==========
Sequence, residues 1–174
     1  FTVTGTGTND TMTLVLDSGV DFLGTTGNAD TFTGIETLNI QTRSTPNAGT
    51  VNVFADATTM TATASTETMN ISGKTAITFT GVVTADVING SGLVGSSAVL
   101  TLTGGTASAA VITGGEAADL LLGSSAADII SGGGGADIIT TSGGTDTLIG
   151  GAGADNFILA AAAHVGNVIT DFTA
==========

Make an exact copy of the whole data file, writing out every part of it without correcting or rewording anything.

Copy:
Sequence, residues 1–174
     1  FTVTGTGTND TMTLVLDSGV DFLGTTGNAD TFTGIETLNI QTRSTPNAGT
    51  VNVFADATTM TATASTETMN ISGKTAITFT GVVTADVING SGLVGSSAVL
   101  TLTGGTASAA VITGGEAADL LLGSSAADII SGGGGADIIT TSGGTDTLIG
   151  GAGADNFILA AAAHVGNVIT DFTA